Monday, April 7, 2014

'Scuse Me While I Faintly Praise This Sky: "Montana Sky" (2007)

A cable television network adaptation of a Nora Roberts novel should not be this entertaining.

Old Jack Mercy has gone and kicked the bucket. He has left his ranch to his three daughters- spoiled Hollywood screenwriter Tess (Charlotte Ross), the daughter who stayed on the ranch- Willa (Ashley Williams), and Lily (Laura Mennell), who no one around the ranch has met. Apparently, Jack was kind of a bastard, as his will indicates. In order to inherit the ranch, valued at over twenty million dollars, the three sisters must live there for one year. If either of them leaves, the land is donated to a nature conservancy.

The three women are strangers, and immediately take a disliking to each other. Willa's life revolves working with the animals, and spurning the advances of neighbor rancher Ben (John Corbett, who is achingly likable here). Lily is on the run from her ex-husband (Scott Heindl), and the shallow Tess takes a liking to the uncomplicated sheriff Nate (Aaron Pearl). Along with the familial conflict, animals are being killed around the ranch. The killer then graduates to one of the ranch hands, and the viewer has to juggle both the suspense of whether or not Willa and Ben will end up together, and the multitude of red herring suspects in the grisly deaths.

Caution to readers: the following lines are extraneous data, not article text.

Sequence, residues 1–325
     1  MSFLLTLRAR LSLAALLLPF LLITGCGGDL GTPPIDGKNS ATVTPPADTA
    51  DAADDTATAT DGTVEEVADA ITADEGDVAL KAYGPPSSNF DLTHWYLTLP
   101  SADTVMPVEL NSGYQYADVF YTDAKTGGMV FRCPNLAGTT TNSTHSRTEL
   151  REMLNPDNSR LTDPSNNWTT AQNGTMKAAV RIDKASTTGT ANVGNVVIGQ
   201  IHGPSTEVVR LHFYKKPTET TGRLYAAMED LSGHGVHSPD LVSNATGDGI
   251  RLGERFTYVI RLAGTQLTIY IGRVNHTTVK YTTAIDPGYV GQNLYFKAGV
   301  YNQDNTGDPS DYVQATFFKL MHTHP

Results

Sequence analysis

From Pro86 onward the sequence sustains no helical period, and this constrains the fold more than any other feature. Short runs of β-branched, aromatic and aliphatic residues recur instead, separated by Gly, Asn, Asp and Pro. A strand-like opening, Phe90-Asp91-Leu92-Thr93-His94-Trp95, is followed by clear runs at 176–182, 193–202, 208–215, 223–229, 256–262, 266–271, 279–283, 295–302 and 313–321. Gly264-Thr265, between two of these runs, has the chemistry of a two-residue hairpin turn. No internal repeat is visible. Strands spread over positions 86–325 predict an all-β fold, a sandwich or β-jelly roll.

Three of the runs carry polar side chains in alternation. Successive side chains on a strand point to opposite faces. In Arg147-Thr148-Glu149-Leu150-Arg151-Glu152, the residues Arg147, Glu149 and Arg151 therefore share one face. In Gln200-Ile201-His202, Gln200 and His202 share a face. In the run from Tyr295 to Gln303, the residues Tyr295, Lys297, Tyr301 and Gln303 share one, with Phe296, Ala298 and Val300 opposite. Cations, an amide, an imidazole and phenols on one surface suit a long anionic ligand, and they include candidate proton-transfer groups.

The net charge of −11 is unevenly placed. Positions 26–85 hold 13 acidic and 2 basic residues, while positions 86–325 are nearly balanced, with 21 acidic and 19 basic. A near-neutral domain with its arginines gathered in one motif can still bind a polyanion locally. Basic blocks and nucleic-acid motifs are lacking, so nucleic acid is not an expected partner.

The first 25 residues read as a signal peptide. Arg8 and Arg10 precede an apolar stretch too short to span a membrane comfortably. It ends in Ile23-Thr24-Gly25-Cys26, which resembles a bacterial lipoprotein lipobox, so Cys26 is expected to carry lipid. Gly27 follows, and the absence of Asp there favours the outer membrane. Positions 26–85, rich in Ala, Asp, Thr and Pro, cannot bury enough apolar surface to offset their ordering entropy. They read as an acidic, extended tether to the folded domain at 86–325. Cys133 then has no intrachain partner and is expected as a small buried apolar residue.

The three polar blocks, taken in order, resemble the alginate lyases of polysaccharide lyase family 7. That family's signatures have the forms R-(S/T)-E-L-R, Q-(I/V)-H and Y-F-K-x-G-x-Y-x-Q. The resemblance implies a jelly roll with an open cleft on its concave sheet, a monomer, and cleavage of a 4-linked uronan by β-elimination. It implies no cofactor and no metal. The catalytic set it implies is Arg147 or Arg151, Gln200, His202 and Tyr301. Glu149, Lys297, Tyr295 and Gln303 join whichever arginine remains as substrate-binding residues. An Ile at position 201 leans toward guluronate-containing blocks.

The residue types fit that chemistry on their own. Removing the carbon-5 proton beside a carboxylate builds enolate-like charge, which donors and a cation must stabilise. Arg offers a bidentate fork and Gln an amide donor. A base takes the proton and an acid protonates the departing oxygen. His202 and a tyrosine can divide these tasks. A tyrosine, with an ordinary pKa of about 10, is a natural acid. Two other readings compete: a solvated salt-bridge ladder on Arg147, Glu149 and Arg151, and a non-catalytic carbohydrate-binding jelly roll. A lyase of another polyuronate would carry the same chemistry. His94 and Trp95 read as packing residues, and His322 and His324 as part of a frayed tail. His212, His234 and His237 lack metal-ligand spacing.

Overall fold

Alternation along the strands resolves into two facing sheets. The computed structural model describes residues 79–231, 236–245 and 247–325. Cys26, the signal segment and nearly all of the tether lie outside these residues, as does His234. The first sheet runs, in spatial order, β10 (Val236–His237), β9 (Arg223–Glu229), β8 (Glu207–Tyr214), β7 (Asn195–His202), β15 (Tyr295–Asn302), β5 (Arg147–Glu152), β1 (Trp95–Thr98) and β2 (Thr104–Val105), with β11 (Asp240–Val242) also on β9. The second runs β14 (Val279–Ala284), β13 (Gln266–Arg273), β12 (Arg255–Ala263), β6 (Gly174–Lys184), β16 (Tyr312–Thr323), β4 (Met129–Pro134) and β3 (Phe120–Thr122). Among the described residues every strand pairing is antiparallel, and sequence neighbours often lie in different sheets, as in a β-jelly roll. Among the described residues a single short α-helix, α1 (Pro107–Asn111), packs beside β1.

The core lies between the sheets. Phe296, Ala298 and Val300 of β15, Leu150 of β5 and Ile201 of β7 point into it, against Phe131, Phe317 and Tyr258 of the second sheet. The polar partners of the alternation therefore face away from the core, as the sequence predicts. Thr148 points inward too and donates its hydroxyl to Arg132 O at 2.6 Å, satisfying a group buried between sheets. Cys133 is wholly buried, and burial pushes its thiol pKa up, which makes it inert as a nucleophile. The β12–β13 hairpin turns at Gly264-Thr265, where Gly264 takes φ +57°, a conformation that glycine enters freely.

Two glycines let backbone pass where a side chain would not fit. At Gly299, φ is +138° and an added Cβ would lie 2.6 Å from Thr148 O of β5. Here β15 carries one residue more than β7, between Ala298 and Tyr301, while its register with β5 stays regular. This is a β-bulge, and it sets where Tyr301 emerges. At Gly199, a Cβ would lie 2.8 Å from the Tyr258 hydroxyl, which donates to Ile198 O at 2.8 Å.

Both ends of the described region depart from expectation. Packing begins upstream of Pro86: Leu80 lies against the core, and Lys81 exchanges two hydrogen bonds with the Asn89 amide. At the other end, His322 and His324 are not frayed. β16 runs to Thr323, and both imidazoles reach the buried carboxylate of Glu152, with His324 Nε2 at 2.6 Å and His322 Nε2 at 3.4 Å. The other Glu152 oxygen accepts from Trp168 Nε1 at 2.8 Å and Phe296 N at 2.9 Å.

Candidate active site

While a very average television film, I found a lot to like about "Montana Sky." The trio of women are all wonderful, and work well together. There is an edge here that I did not expect at all. The opening funeral scene is both catty and darkly funny, and the cast keeps up the snark throughout the film. Veteran director Robe does not become so enraptured with the Albertan scenery (no Montana location shoot here) that he forgets about his cast and story. Technically, there are some hiccups, especially with some funny dubbing mistakes- listen for some scenes where lines sound like they are being delivered into an empty baked beans can. While I eventually figured out who the killer was, the screenplay had me changing my mind a couple of times here and there. I did wonder about Jack's change-of-heart concerning his family, and the film never satisfyingly addresses his motives behind his odd will.

Why John Corbett is not a huge star is beyond me. He is great in this- and you can see why Willa melts when he is around. I recently watched a little movie he was in, that nobody saw, called "Bigger Than the Sky," and his portrayal of a frustrated actor was perfect.

"Montana Sky" could have served as a pilot for a television series about these three different sisters living in Montana, and the show could have worked. It's not great, but not the disaster I smugly thought it was going to be. (* * *) out of five stars.